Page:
Douglas County Commission allocates $2.4M toward health emergency expenditures

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The Douglas County Commission approved a policy at Wednesday’s meeting that sets aside roughly $2.4 million of the county’s received American Rescue Plan Act funding for emergency purchases.  

Out of a total of $23.8 million, this amounts to 10% of Douglas County’s federal funding meant to mitigate the community’s challenges resulting from the COVID-19 pandemic.


Finance Coordinator Brooke Sauer said qualifying expenditures under the policy are specific to health and medical response or human services, and they do not apply to other financial needs such as employee premium pay or revenue loss.

County Administrator Sarah Plinsky will be able to approve expenditures amounting up to $250,000. Any higher costs under the policy would require commission approval and would be subject to a formal bidding process.  

Plinsky said the county has already been approached by Lawrence-Douglas County Public Health and LMH Health about costs for necessary items to respond to COVID-19, and the commission will receive regular updates at least once a month about where those funds are going. Though she aims to keep the policy “very narrow and very conservative” in how it is applied, she noted that this policy is just one part of the long-term plan for the county’s ARPA allocation and what needs it addresses. 

“By no means should the public interpret that this is the only amount directed for this emergency service,” Plinsky said. “This is just to get us started and to allow us to move through that process while we go through a more deliberate sustainable process for how we want to spend the rest of the funds.”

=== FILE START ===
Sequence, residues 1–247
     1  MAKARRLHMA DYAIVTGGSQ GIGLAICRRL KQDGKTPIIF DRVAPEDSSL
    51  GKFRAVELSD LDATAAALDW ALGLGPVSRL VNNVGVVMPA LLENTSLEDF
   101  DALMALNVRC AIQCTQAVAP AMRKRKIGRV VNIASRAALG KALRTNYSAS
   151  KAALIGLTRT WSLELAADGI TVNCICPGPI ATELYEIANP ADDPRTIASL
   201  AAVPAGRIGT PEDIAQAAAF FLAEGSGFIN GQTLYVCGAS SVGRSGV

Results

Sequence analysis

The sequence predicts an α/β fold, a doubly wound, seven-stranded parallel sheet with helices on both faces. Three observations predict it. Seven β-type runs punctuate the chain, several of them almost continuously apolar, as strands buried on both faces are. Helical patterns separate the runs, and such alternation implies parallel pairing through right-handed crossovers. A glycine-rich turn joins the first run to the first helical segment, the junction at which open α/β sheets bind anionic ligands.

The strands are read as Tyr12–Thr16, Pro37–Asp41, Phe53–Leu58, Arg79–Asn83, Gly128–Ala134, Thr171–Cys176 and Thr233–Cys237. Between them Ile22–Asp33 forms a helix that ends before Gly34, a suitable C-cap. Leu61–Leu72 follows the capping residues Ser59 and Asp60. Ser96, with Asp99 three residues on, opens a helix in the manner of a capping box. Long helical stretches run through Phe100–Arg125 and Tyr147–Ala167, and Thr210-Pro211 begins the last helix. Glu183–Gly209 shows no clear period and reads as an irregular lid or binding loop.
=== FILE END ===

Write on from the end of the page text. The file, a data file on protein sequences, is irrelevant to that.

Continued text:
Commission Vice Chair Shannon Reid said she would appreciate regular updates both for the commission and for the public to know the status of those funds going forward. Commission Chair Shannon Portillo said she remains excited that the process around the county’s federal funding gives commissioners the ability to think both quickly and strategically about financially addressing the community’s immediate emergencies and long-term needs.  

“I’m glad that we are continuing to learn from the great process that you went through with the last commission through the CARES Act,” she told Plinsky. “And that we’ll have the vast majority of the funding to really think long-term and strategically in our community, but we’ll be able to be quick with some of those emergency needs that we know are out there right now.” 

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